The Constructivist said...

Perhaps for another guns essay you'd also want to address Iraq. There's a place that's crawling with weapons and it's anarchy, not a libertarian paradise.

Turning to your second-to-last comment, any immigrant who wants to become an American citizen has to go through an extensive licensing system to be able to access, much less exercise, any rights that go with citizenship. The process is waived for those who are born in the States. So there's a presumption toward licensing built into the U.S. legal system, from 1790 on. There's a controversial post for you to write: the government doesn't have the right to limit access to rights of U.S citizenship with its unconstitutional licensing requirements for immigrants to achieve said citizenship.

Your notice of the voting exception to your anti-licensing stance makes me think of Malcolm X's "The Ballot or the Bullet." I would love to see you write an essay defending his argument on 2nd Amendment grounds!

I am glad to see you repudiate the eugenicists' efforts to license child-bearing early in the 20th C. Glad to see your libertarianism trumps your genetic determinism on that one. And I'll hold you to the no-religion-licensing position if and when, say, your immigration inspiration President Tancredo proposes it.

By the way, though, ever heard of a birth certificate? We do license and track kids already--so, assuming the right to have kids is in the 10th Amendment somewhere, isn't this a huge hole in your analogy? We're talking about licensing and tracking guns, only incidentally the people who purchase them.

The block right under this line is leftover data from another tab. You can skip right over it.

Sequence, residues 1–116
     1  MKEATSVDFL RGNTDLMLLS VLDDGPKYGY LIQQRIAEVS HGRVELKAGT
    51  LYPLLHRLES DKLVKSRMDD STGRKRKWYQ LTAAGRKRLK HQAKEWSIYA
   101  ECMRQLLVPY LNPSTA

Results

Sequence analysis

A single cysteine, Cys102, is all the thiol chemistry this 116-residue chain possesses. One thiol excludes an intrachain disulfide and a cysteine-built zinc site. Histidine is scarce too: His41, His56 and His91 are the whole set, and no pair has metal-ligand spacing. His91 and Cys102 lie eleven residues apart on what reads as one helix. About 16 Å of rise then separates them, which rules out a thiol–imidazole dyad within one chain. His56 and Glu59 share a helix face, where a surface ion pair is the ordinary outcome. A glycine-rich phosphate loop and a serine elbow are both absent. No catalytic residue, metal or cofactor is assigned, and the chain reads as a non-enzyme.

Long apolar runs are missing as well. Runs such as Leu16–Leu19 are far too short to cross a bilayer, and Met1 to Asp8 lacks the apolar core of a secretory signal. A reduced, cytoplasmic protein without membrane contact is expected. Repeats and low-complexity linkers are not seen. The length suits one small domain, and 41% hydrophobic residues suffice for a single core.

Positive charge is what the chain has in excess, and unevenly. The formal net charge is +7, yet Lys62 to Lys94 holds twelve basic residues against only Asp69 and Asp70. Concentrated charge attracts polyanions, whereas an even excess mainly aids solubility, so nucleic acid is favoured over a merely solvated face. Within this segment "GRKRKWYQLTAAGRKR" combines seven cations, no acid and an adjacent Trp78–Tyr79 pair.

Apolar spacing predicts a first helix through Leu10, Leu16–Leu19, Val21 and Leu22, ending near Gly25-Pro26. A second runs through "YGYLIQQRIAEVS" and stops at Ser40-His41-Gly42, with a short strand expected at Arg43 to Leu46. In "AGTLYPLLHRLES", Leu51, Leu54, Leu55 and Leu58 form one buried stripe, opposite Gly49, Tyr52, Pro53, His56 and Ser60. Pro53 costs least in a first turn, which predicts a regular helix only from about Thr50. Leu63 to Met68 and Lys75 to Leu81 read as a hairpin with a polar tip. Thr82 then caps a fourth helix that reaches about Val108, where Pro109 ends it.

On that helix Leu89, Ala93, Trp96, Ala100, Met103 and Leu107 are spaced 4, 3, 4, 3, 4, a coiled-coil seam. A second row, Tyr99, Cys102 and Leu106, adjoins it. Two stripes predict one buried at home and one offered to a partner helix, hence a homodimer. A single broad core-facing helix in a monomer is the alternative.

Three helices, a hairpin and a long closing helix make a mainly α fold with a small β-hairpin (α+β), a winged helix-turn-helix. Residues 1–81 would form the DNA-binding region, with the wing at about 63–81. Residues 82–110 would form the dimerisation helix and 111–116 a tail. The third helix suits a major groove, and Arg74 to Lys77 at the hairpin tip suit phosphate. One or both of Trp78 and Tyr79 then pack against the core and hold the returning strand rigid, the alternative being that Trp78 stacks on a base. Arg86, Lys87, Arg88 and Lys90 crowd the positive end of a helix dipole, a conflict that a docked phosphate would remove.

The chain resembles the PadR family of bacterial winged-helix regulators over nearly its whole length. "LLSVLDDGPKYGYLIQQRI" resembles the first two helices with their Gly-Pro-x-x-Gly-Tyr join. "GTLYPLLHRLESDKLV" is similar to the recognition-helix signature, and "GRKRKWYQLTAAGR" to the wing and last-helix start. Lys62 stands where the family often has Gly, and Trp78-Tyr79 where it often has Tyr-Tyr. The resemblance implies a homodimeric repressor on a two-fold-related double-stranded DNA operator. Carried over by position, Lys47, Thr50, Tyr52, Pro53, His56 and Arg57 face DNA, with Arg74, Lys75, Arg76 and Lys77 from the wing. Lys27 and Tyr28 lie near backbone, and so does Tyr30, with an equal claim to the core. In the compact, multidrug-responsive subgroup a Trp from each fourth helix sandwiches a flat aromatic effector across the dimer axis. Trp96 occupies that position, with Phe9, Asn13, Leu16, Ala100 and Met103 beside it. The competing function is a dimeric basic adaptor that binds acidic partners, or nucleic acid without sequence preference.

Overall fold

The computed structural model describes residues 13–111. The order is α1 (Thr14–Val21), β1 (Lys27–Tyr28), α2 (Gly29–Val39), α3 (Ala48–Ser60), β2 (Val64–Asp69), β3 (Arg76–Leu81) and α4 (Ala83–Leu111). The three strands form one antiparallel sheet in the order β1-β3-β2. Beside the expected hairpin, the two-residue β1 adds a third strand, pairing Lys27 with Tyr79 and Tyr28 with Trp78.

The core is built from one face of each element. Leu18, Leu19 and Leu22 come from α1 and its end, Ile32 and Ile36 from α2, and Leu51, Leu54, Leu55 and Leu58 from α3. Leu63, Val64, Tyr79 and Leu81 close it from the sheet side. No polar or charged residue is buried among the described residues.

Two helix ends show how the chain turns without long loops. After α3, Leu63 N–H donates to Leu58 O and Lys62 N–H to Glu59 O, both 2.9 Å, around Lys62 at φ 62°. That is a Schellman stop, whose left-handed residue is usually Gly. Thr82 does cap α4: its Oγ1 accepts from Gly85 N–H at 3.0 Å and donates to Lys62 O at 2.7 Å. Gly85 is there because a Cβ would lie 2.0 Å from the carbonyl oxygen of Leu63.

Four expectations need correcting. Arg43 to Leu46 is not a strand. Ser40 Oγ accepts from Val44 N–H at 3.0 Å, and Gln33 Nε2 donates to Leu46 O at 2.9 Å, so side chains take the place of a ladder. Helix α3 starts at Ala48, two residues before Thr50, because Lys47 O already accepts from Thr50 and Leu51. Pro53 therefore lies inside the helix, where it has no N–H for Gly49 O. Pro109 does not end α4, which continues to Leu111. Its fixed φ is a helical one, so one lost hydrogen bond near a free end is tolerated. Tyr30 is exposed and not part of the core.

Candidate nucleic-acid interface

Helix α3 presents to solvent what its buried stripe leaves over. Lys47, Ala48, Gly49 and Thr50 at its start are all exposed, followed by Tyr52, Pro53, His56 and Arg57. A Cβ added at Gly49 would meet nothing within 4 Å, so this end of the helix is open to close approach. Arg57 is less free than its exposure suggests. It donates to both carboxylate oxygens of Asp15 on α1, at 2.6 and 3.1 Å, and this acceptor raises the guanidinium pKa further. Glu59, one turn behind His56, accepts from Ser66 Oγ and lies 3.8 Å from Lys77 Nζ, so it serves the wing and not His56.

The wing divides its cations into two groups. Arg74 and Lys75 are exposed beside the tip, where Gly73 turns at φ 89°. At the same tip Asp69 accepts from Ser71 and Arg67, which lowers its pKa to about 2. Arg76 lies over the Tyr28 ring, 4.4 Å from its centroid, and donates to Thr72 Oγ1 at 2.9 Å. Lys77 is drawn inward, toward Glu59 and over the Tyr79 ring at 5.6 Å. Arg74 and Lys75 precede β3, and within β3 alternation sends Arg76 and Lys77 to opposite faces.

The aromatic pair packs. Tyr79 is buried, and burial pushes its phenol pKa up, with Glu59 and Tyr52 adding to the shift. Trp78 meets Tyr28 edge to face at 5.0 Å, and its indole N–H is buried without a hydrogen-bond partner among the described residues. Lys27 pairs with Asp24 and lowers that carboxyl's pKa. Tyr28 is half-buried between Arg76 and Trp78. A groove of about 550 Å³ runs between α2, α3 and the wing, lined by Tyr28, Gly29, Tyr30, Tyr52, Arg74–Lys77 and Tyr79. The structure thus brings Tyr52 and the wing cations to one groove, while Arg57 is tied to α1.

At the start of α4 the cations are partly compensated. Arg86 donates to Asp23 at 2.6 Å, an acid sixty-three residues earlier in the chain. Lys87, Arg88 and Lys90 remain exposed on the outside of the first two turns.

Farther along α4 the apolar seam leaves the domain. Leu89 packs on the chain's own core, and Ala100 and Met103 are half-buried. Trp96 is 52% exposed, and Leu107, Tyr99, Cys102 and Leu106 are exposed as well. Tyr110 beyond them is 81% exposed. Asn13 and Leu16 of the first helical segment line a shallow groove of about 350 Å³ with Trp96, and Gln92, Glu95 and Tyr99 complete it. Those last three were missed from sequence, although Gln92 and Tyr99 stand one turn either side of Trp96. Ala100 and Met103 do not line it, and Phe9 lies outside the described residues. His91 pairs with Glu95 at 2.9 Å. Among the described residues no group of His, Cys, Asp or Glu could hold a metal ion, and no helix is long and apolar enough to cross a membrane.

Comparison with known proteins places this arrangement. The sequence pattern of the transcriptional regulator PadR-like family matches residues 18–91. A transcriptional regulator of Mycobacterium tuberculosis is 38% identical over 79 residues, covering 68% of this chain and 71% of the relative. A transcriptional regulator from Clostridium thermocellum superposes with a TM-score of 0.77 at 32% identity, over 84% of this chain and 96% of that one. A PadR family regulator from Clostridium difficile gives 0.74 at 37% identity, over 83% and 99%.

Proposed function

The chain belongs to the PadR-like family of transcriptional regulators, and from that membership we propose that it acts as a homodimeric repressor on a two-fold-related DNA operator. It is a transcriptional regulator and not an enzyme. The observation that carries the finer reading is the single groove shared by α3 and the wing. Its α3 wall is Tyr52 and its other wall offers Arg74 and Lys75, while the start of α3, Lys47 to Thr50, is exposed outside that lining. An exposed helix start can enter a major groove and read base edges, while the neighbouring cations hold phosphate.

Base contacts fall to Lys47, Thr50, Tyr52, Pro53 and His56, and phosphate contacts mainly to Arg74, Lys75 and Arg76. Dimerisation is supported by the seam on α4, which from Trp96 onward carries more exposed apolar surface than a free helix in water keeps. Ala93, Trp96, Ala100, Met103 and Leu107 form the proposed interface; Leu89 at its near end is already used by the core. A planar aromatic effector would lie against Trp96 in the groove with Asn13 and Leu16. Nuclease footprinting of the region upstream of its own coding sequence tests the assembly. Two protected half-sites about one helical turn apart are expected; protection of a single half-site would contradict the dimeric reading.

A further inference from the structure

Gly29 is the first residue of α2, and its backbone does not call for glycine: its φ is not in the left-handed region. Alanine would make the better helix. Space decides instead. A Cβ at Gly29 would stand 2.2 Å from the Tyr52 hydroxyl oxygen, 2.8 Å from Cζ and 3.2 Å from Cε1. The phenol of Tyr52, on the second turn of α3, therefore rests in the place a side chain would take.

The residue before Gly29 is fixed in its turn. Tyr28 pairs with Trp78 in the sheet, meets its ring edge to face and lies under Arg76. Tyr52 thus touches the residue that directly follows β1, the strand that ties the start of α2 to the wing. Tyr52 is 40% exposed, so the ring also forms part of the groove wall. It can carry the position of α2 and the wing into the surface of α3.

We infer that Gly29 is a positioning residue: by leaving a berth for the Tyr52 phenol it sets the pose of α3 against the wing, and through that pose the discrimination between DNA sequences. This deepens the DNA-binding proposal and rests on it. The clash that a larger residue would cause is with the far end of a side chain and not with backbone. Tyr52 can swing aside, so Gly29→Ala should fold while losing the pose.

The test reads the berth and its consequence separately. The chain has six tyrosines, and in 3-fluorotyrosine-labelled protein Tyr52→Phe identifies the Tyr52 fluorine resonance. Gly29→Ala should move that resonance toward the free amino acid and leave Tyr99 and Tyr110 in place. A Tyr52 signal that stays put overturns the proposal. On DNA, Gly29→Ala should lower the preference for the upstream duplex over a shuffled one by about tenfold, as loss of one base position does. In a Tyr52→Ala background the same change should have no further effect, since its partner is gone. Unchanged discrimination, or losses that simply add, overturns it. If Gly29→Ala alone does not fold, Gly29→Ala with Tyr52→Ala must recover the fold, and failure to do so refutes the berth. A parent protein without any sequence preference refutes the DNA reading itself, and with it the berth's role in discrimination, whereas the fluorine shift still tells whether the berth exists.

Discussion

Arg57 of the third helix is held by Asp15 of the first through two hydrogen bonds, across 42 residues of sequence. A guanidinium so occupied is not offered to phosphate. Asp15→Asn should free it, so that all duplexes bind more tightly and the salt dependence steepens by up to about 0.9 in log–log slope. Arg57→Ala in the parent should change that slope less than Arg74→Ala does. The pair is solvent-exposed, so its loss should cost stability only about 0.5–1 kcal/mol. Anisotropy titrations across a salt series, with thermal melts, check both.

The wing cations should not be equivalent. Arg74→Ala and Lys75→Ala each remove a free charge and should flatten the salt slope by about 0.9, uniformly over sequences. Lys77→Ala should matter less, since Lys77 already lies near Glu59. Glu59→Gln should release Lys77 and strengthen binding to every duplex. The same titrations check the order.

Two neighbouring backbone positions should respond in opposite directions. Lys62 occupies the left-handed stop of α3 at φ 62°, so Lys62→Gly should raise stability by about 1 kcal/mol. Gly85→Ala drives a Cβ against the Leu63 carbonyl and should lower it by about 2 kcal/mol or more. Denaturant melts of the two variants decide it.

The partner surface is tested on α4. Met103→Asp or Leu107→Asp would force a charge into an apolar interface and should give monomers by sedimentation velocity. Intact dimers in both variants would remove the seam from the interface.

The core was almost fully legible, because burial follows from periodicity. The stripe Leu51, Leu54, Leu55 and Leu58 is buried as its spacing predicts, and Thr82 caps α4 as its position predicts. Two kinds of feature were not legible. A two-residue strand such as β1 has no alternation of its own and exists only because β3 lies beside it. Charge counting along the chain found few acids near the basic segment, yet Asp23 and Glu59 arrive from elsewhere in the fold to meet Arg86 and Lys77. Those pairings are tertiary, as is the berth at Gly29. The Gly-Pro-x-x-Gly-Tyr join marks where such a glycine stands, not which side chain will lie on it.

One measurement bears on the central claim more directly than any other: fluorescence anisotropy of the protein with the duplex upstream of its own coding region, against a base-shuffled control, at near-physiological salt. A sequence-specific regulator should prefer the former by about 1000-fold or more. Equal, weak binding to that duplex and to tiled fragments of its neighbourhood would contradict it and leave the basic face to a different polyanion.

The Constructivist said...

O, your point about right to life is crucial, so thanks for clarifying it for everyone. So if private hospitals and services want to provide abortion services, can the government declare that illegal constitutionally?

More to the point, I wonder if you're limiting the purpose of government more than Locke or the framers intended. Note the preamble to the U.S. Constitution lists liberty as only one of many reasons to create the USA:

"We the people of the United States, in order to form a more perfect union, establish justice, insure domestic tranquility, provide for the common defense, promote the general welfare, and secure the blessings of liberty to ourselves and our posterity, do ordain and establish this Constitution for the United States of America."

I'm less interested in arguing that the "insure domestic tranquility" clause authorizes licensing of guns than in suggesting that since the Constitution provides plenty of mechanisms for punishing private aggressors, why isn't mitigating the potential damage they can do with a reasonable gun licensing procedure prudent?

So were you joking when you said licensing requirements are fine for bad guys? Or would you defend the right of even convicted killers to buy guns w/o the need for a license after serving their time? And if you limit it for some, why not all?